Hockey is the national pastime in Canada and Danny Watkins surely wanted to one day lace up the skates and battle for Lord Stanley's Cup. But as a 270-pound self-described defensive goon in the 12th grade, the National Hockey League was not in his future.
However, Watkins' days spent playing hockey as a kid would plant the seed for the athleticism needed to play on the offensive line. Watkins never played football - he did, however, play rugby - until he was 22 years old while attending Butte College in Oroville, Cal. and was approached by the school's football coach.
Thrown into the fire, figuratively since he was a real-life firefighter, Watkins practiced for just two weeks before playing in his first-ever game.
"I'm sure there were a few times the quarterback was scrambling," Watkins recalled.
But the game would come very easy to Watkins. The balance, leg strength and lateral mobility needed to skate were very similar to the ability to kick slide and anchor in football. As a defenseman in hockey, Watkins could feel the weight of a forward change against him and still keep his balance. That's no different than a defensive end bullrushing, spinning or trying any assortment of moves to get to the quarterback and the offensive lineman must hold his ground.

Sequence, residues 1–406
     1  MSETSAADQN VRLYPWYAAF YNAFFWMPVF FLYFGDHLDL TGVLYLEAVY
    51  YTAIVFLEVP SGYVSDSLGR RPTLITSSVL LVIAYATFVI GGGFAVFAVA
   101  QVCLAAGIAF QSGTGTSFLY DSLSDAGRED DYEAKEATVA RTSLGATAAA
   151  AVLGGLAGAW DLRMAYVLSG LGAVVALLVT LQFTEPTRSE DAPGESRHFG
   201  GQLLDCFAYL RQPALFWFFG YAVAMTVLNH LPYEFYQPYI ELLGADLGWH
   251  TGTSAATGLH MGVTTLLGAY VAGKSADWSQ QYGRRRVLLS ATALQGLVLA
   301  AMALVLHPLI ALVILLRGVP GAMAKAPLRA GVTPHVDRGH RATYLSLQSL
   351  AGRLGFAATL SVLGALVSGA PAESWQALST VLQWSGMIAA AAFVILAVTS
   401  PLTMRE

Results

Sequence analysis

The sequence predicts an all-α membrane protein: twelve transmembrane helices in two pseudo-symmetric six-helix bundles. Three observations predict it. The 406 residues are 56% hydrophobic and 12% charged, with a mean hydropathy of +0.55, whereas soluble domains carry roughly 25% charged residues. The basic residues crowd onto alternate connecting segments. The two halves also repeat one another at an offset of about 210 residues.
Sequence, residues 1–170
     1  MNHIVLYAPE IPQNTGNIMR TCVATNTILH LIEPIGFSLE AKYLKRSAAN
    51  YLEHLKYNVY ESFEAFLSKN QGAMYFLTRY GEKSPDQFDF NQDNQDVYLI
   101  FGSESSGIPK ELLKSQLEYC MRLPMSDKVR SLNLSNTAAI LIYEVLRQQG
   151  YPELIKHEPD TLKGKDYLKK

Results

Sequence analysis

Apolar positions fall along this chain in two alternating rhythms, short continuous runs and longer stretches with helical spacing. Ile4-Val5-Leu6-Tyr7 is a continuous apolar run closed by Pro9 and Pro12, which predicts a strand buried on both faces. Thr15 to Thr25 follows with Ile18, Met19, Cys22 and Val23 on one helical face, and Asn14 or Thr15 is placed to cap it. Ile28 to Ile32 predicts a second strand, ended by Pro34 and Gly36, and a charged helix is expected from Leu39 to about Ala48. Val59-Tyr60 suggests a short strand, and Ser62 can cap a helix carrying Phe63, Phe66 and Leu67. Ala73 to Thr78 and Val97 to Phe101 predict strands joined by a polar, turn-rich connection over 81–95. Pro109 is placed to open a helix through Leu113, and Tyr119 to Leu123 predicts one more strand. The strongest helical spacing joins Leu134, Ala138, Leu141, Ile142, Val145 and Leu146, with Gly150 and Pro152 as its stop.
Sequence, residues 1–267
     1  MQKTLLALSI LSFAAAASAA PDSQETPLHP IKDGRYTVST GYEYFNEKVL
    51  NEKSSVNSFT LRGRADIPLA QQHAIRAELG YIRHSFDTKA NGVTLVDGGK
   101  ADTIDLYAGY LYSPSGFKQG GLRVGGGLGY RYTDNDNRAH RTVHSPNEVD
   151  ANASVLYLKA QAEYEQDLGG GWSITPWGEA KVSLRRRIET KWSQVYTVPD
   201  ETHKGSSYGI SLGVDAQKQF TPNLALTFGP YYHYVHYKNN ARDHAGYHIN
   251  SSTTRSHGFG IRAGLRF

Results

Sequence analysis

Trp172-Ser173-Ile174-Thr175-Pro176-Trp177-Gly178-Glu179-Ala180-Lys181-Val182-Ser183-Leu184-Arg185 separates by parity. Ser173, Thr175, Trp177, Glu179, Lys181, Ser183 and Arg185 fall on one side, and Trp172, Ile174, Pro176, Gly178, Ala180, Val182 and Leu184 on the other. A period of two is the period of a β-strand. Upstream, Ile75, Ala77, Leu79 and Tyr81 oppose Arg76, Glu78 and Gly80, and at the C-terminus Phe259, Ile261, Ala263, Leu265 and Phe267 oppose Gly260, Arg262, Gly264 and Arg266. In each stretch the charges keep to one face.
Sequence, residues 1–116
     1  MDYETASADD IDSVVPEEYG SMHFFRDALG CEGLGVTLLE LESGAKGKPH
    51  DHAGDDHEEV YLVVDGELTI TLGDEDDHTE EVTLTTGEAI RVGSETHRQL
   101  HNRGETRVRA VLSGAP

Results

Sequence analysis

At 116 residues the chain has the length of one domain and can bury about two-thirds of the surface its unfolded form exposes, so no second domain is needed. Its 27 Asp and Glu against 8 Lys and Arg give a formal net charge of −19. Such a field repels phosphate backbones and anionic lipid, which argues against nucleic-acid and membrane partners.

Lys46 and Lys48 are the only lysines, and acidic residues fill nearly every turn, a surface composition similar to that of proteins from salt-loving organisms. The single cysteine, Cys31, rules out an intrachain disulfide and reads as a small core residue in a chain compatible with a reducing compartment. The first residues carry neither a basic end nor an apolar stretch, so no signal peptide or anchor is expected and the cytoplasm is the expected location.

Just four years after playing football for the first time, Watkins is a first-round pick in the NFL Draft. The 26-year-old's unorthodox road to the NFL blessed him with life experiences which will serve him well in his transition to the NFL.
"I've been in the real world," Watkins said. "This is a business, this is a job, and I'm going to approach it like that and hope to do well in it."
When the Eagles play in Seattle this season, you can certainly count on his father, Todd, making the trek from British Columbia. Even though Todd was cynical at first that football would be his son's avenue to success, the writing has been on the wall for a long time. Todd, you see, makes a living operating a construction grader. It's only fitting that Danny would follow in his father's footsteps and become a road grader himself.
Todd always knew that Danny was a tough kid seeing him on the ice playing hockey as a kid, but away from the ice - or now the field - the switch goes off. Todd compares Danny to the guard dog who is loving and takes care of the kids, but once it's dark he'll bark at anything that causes a stir.
And it should only be fitting that Danny was drafted to play in a blue-collar town like Philadelphia. It's Watkins' work ethic that allowed him to develop into a premier NFL prospect despite picking up the game later in life.
Danny and Todd arrived in Philadelphia this afternoon and visited a local fire station where Danny felt like he was a part of the crew for many years. They came to the NovaCare Complex where Danny met with general manager Howie Roseman, head coach Andy Reid, offensive line coach Howard Mudd and quarterback Michael Vick among others. Watkins and Vick talked about taking care of business and Watkins wants to do everything he can to make an immediate impact.
"I'm going to bring my work boots and hard hat and come in and try to contribute right away," Watkins said.
It's been a fortuitous road to the NFL for Danny Watkins. Believe it or not, though, the signs have been there all along.